Opinion

Mix morals with public policy

O

n April 1, President Barack Obama announced that 7.1 million people had signed up for health insurance under the Affordable Care Act (ACA). This exceeded the goal set by the White House and quashed the low expectations many had about the law’s success.

Still, controversy remains. Particularly, economic arguments for and against the ACA are still being traded back and forth. Crunching the numbers of healthcare is important to see if the law is effective, but at the heart of this and many other economic issues lies a deeper moral issue.

The term “moral economy” means, quite simply, an economy based on justice and fairness. This sounds like a utopian vision, but the term helps remind us of a simple fact: the economy is made up of living, breathing people that are affected in fundamental ways by economic policy.

Economic issues are inextricably bound to the personal well-being of individuals, and that is why the moral economy should be incorporated as a framework for evaluating policy decisions.

The idea of moral economics has been espoused by philosophers, theologians and activists, and has become a standard talking point for many politicians. This can be seen everywhere from Pope Francis’ remarks on economic fairness to the Moral Monday protests in North Carolina.

The ACA is a good example of legislation that contributes to a moral economy. For example, one of its major provisions is that insurers cannot deny coverage based on pre-existing conditions. This of course has economic effects that disrupt many insurance companies’ traditional business model. However, I think most people would agree that if it is possible to get a suffering person medical care, then there is some sort of moral imperative to do so.

Economic utility is a useful heuristic for making decisions, but it can sometimes ignore the moral justness of a decision. Politicians should, therefore, combine both frameworks when making decisions for our country.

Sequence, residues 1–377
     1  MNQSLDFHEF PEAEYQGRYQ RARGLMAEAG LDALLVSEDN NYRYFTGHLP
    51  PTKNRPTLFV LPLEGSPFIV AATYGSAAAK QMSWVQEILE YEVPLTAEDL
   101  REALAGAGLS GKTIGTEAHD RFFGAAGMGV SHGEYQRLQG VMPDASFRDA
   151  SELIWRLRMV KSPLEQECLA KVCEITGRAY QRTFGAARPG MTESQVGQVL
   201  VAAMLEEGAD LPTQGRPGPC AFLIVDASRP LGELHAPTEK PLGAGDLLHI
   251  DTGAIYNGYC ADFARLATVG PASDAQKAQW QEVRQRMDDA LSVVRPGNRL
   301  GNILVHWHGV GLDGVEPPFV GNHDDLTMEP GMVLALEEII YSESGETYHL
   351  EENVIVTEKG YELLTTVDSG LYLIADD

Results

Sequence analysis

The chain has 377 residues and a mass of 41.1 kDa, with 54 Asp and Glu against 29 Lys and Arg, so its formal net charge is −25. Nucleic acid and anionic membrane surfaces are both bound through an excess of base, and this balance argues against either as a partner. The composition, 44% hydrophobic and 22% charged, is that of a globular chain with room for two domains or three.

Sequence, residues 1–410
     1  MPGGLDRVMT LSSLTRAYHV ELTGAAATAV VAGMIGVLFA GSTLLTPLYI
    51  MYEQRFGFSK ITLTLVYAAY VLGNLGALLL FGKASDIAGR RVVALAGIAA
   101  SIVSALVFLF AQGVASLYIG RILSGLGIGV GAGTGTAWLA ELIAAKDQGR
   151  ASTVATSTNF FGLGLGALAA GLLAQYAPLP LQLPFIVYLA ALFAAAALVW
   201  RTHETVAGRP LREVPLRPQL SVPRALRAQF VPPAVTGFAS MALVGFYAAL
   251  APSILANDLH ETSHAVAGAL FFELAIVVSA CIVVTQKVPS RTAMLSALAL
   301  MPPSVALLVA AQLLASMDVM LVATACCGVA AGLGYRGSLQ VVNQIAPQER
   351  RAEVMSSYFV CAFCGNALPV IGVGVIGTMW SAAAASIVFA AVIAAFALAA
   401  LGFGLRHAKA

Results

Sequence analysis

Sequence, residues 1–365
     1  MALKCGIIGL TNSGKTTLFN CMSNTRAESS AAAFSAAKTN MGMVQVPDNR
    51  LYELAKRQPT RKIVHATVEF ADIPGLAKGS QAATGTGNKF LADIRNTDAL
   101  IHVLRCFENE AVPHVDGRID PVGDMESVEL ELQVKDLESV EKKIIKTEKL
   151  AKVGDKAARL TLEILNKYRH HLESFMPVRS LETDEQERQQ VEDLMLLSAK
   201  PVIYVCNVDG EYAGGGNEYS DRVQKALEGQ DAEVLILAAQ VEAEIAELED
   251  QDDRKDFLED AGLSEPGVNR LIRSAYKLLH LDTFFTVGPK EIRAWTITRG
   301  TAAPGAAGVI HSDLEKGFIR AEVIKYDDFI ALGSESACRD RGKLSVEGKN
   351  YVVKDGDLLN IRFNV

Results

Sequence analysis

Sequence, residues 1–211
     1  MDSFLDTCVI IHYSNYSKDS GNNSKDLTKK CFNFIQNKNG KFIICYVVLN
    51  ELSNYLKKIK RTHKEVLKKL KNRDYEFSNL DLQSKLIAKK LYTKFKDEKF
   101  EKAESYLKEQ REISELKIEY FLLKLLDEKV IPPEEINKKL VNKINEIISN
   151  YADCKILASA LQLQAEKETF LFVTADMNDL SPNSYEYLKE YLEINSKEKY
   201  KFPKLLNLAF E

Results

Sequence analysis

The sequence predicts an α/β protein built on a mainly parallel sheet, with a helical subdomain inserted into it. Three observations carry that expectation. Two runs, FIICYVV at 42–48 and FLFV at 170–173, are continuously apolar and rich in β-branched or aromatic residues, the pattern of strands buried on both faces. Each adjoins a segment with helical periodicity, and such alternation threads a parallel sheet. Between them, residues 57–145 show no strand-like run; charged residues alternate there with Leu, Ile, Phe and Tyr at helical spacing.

One of the best parts of the moral economy framework is that economic utility and moral justness are not necessarily opposed. In fact, increasing the well-being of individuals will usually increase their economic output, which in turn ripples throughout the economy.

 

Joshua Myers is a freshman majoring in philosophy.

 
April 13, 2014

Reporters

Joshua Myers


Around the Web
  • Miami Herald
  • UM News
  • HurricaneSports

The Miami Hurricanes started the season No. 8 nationally in both major polls. Now, they’re nowhere t ...

With a bye week on the horizon, the meager University of Miami offense has nearly two weeks to attem ...

As bleak as it seems now for the University of Miami, the Canes can still take a repeat trip to Char ...

A half dozen takeaways from UM’s demoralizing 16-13 loss at Virginia on Saturday: ▪ As was the case ...

So, who’s the quarterback now? The No. 16 Miami Hurricanes came to Charlottesville on Saturday with ...

Home Truth, the story of Jessica Lenahan’s pursuit of more effective domestic violence laws, screene ...

Members of the UM community who want to donate to relief efforts for those impacted by Hurricanes Mi ...

The University of Miami’s Model UN is working to expand its membership and reputation with its first ...

During a keynote address at a conference in Los Angeles, entrepreneurial heavyweight Magic Leap anno ...

A colorless, odorless gas used by a UM scientist to study ocean currents helps save his vision. ...

The Miami Hurricanes volleyball team improved to 10-5, 6-2 in the ACC, with a 3-0 sweep of Boston Co ...

The Miami women's tennis team closed the Bedford Cup with a perfect day, winning each match in ...

Playing in front of a boisterous home crowd, the University of Miami soccer team earned a, 1-1, draw ...

The Hurricanes fell in their ACC road opener to the Virginia Cavaliers. ...

The Canes have won five straight games and are 2-0 in the ACC, but they know they have a tough road ...

TMH Twitter
About TMH

The Miami Hurricane is the student newspaper of the University of Miami in Coral Gables, Fla. The newspaper is edited and produced by undergraduate students at UM and is published weekly in print on Tuesdays during the regular academic year.